Pulaski County, Va. (WFXR)– With cold nights already among us, and chilly Fall days seeping their way into the season, one Pulaski County non-profit is paying it forward.

Sabrina Davidson-Ratcliffe says that’s the goal of the Pulaski County Free Store, as they set up their new outdoor fall and winter coat rack.

“If they are cold and they need something then pull up get a coat, get a blanket, get some gloves. That’s what it is for. You don’t need to wait for us to open,” said Ratcliffe.

The President and Co-Founder of the nonprofit says while the store itself is only open on the first and third Sunday of each month, people can still grab whatever they need outside the store whenever.

(Photo: Kelsey Jean-Baptiste/WFXR)

“That’s why we have the refrigerators outside, so if people need food or whatever they can access that stuff when we are not opened,” said Ratcliffe.

One Dublin resident who lives off of their social security income says coming to the store means everything.

Rocky visits the store as many times as he can because he enjoys what it has to offer and the new people he meets.

Bookstore owner, Autumn Morgera, calls it a game-changer.

“I think everybody needs a hand up. We are all struggling to overcome the economic situation in the area. Everybody needs a little help sometimes, and it doesn’t matter what your background is or what your circumstances are,” said Morgera.

So, how did the Free Store get started?

Ratcliffe says while she was on a trip to New York City, she saw a woman who was homeless on the street and wanted to do something in honor of her.

“I feel that no one should feel discarded as trash or made to feel disposable — because everyone is worthy and everyone and everyone should be treated with dignity,” said Ratcliffe.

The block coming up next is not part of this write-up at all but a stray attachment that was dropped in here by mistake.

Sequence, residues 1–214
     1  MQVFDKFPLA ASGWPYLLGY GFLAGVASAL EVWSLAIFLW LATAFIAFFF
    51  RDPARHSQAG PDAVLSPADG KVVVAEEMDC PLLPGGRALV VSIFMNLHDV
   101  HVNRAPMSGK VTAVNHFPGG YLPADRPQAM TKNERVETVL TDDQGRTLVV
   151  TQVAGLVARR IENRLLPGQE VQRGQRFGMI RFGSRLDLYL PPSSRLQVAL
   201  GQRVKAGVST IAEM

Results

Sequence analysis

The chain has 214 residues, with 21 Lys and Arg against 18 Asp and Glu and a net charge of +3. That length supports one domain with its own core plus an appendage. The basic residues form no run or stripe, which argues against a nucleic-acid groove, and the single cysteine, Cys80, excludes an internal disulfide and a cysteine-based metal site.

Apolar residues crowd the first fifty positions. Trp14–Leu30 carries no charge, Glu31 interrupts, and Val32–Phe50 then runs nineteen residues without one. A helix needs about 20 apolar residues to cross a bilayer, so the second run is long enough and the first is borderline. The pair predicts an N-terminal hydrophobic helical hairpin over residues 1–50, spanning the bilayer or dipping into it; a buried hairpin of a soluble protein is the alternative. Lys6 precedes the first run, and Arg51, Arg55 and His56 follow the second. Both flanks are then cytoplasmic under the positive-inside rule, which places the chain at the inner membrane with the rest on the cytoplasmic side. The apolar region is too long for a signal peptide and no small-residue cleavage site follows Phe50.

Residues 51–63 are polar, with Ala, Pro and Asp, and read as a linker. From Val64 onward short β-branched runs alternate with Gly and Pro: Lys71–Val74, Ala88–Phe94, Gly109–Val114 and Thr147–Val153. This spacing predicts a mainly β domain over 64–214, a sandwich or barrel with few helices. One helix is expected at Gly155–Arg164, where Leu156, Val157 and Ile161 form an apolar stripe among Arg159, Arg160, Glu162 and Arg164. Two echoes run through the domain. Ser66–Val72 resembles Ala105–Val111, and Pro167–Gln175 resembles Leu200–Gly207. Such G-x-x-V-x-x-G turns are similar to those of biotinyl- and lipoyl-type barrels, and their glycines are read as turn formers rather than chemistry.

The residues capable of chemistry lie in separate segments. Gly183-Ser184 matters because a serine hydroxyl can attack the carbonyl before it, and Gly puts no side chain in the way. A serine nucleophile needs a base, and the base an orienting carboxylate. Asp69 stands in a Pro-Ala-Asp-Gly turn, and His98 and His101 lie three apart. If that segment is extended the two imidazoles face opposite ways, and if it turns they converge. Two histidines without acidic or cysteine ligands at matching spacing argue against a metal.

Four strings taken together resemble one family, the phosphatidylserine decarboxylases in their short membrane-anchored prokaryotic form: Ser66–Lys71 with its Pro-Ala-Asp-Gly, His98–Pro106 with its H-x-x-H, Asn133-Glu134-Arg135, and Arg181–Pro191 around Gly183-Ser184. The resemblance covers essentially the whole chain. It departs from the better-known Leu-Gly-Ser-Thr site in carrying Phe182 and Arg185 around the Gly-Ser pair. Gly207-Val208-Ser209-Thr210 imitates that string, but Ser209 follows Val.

When she came back to Pulaski County, she and her friend decided to start a free store out of a storage unit.

(Photo: Kelsey Jean-Baptiste/WFXR)

Eventually, they moved out of there — and by using some of their retirement funds — Ratcliffe’s husband bought the current building they are in now.

She explains that everything is free, and whatever you can carry in your paper bag is what you are allowed to leave the store with.

“We have things that range from home goods, to kitchen items, to clothing, to personal care items, to children’s clothing, to books, to DVDs, to children’s toys, and anything in between,” said Ratcliffe.

She says typically when the store is open, there is a line outside with over 100 people. However, only 20 people at a time are allowed in the store because of the massive need.

As the President and Co-Founder, Ratcliffe says she feels so happy because of the relationship that they have built with other people — describing it as a mutual relationship that continues to grow.

Later down the road, Ratcliffe says she is looking to add transitional housing and other things to help get people back on their feet, as well as partnering with other local organizations to grow the free store into her dream.